Major Market: Las Vegas

While most building industry executives were shuttling from meeting to meeting at the International Builders' Show in Las Vegas in January, Las Vegas builders were busy completing more than 100 homes per day. In 2003, Las Vegas home builders pulled 30,289 single-family and 9,601 multifamily permits, including a number of permits for $500,000-plus condominiums in luxury high-rises. The new homes are a diverse mix of entry-level, move-up, second-home and retirement home housing.

Only 12 of the top 20 GIANTS build homes in Las Vegas, but that likely will change during the next year. With every investment banker and builder CEO staying at the Mandalay Bay Four Seasons during the January show, it's highly likely that a few deals will get done this year.

Las Vegas employers added 33,600 jobs in 2003 despite the market's significant dependence on tourism. After Sept. 11, 2001, local leaders shifted their marketing dollars away from airplane travelers and toward travelers who could drive. The shift was highly successful, as evidenced by the Sunday night traffic jams in the desert between Las Vegas and Southern California.

Local market expert Dennis Smith of Home Builders Research reports that in 2003, five GIANTS topped 1,000 homes closed in Las Vegas, including more than 3,300 by KB Home, more than 2,700 by Pulte/Del Webb and more than 2,000 by Richmond American.

Job growth is not the only driver of housing demand, as evidenced by the fact that the three top-selling communities were age-restricted. While in Las Vegas, we also noted that the number of dark units in "sold-out" high-rises near the convention center proved what many people had told us - many Las Vegas home buyers are buying second homes, perhaps as tax shelters.


 

 

 

Next: Sacramento, Calif.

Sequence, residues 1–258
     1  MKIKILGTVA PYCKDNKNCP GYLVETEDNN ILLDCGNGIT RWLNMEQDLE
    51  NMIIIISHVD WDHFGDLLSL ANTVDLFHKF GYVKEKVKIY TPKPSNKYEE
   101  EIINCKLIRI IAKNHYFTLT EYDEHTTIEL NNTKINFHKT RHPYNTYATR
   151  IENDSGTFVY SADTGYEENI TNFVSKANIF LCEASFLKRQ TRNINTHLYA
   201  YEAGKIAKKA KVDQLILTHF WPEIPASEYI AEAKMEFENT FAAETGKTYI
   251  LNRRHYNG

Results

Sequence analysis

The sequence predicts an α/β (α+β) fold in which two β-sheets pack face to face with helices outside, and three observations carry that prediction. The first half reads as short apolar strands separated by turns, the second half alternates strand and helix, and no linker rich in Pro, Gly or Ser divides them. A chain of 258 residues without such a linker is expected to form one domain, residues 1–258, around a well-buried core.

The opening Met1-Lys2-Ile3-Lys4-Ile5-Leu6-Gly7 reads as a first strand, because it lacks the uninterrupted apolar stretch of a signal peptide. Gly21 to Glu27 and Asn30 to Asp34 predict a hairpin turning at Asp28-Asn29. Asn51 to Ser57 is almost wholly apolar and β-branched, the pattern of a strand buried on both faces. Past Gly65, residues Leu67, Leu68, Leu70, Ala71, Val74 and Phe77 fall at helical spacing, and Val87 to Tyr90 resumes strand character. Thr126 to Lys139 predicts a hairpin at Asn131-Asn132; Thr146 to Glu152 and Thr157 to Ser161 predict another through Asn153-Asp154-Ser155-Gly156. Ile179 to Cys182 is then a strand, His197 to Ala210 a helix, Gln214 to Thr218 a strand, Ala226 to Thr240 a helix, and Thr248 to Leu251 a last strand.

Sacramento almost certainly will emerge as a major housing market during the next 10 years. Our short-term outlook is a "D" because of recent job losses and an all-time high level of supply. However, we are bullish on Sacramento over the long term because it has:

 

  • Jobs - A strong employment base, including Hewlett-Packard, Intel and other operations within two hours of Silicon Valley.
  • Affordable housing - With a $240,000 median home resale price, Sacramento has very affordable housing by California standards.
  • Accessibility - The recently expanded airport is minutes from downtown, and two of the country's major freeways (interstates 5 and 80) intersect in Sacramento.
  • Land - Thousands of acres of undeveloped agricultural land lie within a reasonable commute of the employment centers. Local developers complain about the entitlement woes, but development restrictions are much less severe than in larger California markets.

 

Eleven of the 20 largest builders in the country have moved into Sacramento during the past few years, making it a competitive market. However, all 11 likely will do well, at the expense of small builders.